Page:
In frail older adults, low blood pressure (BP) might be associated with worse health outcomes and hypertension management in this population is highly debated. Using data from a population-based study of older adults, we assessed the association between frailty and BP. We used data collected between 2014 and 2016 from 3157 participants aged between 67 and 80 years in the Lausanne cohort Lc65+. BP was measured three times at one visit, and frailty status was assessed based on Fried's phenotype model. We analyzed the cross-sectional association between BP and frailty by computing mean systolic and diastolic BP stratified by sex, age, and frailty and by fitting regression models. The average age of the participants was 73.3 (standard deviation [SD]: 4.1) years, and 59.1% were women. 34.1% were pre-frail, and 3.3% were frail. Mean BP was 135.1/76.3 mm Hg (SD 18.5/11.0). Age- and sex-adjusted systolic BP was on average lower by 2.8 mm Hg (95% confidence interval [CI]: 1.4-4.2) and 6.7 mm Hg (95% CI: 3.2-10.3) among pre-frail and frail compared to non-frail participants. Similar differences in mean diastolic BP across frailty status were found. Upon adjustment for antihypertensive treatment, the associations between frailty status and BP did not change substantially. Frail individuals had a substantially lower BP compared with non-frail older adults. Because low BP could be detrimental among frail older patients, our findings raise questions about hypertension management in this population and stress the need for additional evidence.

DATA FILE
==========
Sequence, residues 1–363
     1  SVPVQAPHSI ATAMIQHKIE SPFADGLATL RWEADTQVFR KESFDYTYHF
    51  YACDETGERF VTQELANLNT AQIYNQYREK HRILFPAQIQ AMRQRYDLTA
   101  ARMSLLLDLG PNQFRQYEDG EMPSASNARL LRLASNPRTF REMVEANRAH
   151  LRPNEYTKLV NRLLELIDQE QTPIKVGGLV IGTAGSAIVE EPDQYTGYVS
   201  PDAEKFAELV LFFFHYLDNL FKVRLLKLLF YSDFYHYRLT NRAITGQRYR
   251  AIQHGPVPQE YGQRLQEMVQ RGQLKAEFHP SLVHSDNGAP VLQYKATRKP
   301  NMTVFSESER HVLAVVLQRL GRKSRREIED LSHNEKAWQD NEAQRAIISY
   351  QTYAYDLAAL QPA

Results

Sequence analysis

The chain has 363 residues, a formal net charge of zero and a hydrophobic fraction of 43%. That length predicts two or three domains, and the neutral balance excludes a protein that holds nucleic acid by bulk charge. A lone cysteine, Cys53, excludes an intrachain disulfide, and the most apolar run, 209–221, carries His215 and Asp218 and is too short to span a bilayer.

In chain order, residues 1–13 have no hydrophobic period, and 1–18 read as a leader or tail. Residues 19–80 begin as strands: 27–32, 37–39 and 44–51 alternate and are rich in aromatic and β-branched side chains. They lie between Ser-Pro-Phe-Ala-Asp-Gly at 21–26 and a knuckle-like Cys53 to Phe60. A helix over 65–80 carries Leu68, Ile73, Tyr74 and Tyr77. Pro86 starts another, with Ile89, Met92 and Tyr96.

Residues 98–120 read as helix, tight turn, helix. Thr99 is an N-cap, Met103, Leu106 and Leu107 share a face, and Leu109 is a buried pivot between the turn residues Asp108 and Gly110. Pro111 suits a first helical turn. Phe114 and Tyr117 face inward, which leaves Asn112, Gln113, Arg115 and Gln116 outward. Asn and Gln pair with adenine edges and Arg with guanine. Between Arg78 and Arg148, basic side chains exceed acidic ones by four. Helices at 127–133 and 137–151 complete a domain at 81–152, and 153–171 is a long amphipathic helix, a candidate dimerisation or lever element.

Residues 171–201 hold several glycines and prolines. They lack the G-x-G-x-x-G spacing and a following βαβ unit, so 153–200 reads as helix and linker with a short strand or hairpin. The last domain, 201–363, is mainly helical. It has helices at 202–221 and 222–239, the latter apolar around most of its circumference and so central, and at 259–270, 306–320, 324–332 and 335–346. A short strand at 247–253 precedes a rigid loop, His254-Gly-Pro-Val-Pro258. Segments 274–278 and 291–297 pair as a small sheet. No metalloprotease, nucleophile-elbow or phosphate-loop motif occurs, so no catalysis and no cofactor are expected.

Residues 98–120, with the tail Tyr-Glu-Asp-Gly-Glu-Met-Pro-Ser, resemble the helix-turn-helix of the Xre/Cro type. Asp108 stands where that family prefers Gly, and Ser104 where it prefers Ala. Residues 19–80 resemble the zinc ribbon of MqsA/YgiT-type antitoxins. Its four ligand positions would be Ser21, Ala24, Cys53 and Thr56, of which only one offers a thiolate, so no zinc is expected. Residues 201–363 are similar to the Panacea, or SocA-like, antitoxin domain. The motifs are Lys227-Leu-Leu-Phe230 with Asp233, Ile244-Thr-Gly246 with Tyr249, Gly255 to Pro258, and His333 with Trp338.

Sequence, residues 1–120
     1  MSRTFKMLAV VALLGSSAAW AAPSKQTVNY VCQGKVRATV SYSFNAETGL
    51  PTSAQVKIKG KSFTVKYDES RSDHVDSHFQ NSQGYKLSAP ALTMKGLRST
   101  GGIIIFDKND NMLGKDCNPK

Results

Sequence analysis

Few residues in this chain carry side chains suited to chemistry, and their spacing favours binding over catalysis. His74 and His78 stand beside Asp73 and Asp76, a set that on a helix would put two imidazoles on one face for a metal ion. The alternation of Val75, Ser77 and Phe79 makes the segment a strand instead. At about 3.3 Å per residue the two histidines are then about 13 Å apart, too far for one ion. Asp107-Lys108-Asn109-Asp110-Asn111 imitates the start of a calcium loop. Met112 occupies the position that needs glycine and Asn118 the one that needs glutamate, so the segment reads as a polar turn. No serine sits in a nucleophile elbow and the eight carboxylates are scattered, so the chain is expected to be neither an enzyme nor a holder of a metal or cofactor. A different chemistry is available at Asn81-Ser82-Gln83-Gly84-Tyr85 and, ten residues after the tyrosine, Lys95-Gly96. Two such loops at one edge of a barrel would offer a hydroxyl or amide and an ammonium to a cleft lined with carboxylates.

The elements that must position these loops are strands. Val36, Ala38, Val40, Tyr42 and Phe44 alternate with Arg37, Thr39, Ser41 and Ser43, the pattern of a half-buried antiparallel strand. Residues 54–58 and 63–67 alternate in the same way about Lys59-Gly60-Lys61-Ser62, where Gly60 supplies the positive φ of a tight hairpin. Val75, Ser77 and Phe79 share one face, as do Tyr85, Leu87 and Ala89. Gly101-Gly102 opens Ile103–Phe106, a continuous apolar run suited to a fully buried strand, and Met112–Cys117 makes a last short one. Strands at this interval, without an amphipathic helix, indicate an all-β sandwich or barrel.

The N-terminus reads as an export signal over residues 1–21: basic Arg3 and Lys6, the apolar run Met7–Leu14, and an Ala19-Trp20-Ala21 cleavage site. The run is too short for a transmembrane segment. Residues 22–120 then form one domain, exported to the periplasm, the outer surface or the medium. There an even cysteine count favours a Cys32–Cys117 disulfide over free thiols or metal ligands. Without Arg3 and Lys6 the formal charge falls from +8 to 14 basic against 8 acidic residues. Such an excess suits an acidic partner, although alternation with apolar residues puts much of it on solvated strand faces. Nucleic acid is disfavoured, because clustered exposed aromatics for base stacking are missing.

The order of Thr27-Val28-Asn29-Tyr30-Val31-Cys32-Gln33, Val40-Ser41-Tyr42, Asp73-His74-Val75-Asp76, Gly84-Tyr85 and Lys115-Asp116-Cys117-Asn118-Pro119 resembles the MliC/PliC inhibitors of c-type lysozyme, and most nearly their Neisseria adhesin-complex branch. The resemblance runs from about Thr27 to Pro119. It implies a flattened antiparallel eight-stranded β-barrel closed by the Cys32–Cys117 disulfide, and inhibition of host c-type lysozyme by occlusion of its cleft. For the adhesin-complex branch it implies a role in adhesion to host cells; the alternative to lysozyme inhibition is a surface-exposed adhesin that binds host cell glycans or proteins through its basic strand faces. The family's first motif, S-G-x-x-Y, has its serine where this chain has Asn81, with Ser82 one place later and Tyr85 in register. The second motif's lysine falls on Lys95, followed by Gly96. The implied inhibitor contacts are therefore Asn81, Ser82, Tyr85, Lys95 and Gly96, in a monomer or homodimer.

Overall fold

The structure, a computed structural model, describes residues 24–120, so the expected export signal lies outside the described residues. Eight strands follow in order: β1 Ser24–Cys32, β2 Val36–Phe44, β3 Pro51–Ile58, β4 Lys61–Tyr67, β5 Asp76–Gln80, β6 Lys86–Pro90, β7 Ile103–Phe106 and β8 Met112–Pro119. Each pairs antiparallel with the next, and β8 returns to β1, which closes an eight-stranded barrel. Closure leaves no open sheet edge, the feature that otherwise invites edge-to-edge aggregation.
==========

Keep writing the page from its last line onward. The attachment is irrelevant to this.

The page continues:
Keywords: epidemiology; frailty; hypertension in the elderly; observational; population-based.
© 2019 Wiley Periodicals, Inc.